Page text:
Good news for the Midwest's designers and builders. For a second consecutive month, the region led the nation in architectural billings in July, according to the American Institute of Architects (AIA) Architectural Billings Index. Good news for designers and builders nationwide, as well. For a second consecutive month, all U.S. Regions demonstrated positive growth in billings.

The Index, which reflects a nine to 12-month lead time between billings and construction spending, was off June's eight-year high 55.7, but nevertheless posted a healthy 54.7. An ABI score of 50 or more denotes growing demand for design services.

By region, the Midwest scored 58.2, besting its June total of 57.2. Economists generally attribute favorable conditions in the region to a resurgent Michigan, steady growth in the industrial sector and pent up demand, given the Midwest long lagged other regions in the nation's economic recovery.

By comparison, the South scored 55.7, followed by the West with 53.8 and Northeast by 53.5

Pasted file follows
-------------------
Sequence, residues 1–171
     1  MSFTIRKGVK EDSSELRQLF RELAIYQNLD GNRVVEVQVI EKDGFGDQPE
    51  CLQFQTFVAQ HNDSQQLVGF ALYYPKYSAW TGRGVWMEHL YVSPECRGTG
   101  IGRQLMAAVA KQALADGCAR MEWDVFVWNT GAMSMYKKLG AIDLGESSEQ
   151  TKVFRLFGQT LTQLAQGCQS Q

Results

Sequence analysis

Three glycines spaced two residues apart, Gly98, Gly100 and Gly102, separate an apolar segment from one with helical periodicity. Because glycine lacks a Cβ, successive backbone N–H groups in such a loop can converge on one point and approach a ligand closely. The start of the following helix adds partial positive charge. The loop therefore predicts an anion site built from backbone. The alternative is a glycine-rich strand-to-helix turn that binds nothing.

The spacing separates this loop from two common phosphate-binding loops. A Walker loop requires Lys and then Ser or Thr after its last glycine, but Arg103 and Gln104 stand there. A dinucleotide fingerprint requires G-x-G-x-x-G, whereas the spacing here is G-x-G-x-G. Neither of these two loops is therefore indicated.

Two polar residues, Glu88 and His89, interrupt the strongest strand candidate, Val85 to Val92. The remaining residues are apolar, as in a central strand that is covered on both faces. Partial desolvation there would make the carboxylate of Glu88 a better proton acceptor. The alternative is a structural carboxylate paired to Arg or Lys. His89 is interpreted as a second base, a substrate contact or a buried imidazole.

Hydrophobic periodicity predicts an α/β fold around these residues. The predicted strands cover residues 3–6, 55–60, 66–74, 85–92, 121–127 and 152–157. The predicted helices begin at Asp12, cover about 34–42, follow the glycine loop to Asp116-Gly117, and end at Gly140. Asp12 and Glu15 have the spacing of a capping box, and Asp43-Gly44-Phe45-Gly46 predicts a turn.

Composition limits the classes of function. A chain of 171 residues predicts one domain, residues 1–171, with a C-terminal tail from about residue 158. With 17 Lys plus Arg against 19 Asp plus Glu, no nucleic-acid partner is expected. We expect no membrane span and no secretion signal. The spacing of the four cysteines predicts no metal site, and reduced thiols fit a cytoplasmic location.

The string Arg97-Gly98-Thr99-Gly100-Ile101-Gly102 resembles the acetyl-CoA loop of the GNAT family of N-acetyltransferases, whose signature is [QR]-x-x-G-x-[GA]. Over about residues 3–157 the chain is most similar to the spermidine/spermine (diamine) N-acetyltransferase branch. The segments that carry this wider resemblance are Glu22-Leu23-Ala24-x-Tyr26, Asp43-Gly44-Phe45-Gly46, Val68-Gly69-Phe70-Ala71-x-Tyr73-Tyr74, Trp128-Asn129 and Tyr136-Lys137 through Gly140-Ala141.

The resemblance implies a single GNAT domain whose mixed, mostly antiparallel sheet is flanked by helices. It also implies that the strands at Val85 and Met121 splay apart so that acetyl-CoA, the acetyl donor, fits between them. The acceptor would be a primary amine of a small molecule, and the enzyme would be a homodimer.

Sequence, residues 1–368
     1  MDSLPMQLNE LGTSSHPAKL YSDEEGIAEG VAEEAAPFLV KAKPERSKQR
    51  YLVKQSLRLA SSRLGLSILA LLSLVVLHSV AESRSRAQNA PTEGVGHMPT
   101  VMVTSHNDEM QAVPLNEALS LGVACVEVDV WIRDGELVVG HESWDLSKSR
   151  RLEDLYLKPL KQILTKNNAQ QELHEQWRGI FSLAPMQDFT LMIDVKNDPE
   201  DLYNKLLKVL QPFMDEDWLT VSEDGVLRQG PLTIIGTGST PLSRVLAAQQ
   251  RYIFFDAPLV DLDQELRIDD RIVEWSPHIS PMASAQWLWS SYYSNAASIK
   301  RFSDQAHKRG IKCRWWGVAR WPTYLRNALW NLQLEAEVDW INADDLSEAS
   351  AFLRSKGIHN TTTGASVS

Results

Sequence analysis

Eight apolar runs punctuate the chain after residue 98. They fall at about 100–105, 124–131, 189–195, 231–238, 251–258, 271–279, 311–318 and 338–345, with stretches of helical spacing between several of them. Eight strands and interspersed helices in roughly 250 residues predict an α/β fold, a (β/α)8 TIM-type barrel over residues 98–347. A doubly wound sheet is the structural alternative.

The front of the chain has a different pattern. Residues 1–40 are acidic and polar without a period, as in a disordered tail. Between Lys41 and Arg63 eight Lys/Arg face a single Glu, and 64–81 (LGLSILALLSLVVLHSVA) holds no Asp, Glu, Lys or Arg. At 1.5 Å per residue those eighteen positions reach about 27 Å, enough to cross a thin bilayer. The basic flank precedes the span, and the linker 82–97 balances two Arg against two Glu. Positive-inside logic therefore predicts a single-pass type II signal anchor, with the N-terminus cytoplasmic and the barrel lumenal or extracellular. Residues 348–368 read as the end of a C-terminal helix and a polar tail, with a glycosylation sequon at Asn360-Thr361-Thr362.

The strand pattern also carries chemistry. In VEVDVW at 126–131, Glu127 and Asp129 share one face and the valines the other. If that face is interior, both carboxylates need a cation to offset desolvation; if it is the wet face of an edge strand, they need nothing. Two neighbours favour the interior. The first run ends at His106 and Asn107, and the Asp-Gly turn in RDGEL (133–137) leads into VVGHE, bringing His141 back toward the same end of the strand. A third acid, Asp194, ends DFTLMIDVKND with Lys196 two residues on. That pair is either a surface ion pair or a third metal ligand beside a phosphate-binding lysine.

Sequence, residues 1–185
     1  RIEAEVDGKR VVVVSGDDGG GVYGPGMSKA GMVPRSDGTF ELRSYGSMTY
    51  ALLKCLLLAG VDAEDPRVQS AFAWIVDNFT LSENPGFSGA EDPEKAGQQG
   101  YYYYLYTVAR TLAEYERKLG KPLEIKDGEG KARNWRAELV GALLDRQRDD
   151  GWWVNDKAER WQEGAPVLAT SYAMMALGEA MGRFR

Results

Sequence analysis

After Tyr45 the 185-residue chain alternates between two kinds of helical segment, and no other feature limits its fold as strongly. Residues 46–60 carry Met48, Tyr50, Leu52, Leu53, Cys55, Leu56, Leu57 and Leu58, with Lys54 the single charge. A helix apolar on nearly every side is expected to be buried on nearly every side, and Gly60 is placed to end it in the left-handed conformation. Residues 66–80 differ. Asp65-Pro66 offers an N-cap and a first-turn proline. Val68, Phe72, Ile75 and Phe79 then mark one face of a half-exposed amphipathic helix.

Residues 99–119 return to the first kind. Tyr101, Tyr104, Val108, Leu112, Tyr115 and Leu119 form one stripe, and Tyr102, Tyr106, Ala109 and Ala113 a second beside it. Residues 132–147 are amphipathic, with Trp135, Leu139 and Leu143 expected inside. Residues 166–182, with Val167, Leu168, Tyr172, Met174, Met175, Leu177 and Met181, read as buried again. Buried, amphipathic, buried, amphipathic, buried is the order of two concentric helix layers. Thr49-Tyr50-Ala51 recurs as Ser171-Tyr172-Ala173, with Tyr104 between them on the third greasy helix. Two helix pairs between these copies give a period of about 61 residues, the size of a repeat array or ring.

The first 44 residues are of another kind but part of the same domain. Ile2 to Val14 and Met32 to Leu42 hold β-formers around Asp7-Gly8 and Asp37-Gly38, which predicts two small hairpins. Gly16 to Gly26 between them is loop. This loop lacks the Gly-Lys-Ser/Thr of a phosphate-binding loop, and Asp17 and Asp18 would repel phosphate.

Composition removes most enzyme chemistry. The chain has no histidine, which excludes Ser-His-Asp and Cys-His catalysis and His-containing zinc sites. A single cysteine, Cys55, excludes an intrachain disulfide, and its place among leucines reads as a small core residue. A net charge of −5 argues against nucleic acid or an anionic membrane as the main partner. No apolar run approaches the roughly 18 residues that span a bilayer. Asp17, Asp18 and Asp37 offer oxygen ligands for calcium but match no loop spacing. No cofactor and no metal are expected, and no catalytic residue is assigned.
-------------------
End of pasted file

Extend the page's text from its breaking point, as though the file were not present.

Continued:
By sector, the institutional led with a score of 57.3, followed by mixed practice (56.8), commercial/industrial (53.4) and multi-family residential (49.8). As AIA Chief Economist Kermit Baker noted last month, the multi-family index has been on a slide all year, with July marking a second consecutive month of negative growth. The score comports with speculation that demand for multifamily housing may have crested.

In general, the industry appears to be benefiting from owners and developers that have brushed the dust off projects they earlier mothballed, according to Baker.

“On top of what has been a flurry of design activity in recent months, some architects are reporting a break in the logjam created by clients placing projects on hold for indefinite periods, which bodes well for business conditions in the months ahead,” says AIA Chief Economist Kermit Baker.

But what good would good news be without a fly in the oinment?

“There is some uneasiness in the design community that rapid growth in construction costs could escalate beyond development capital and municipal budgets, which could trigger some contraction in the marketplace down the road,” Baker says.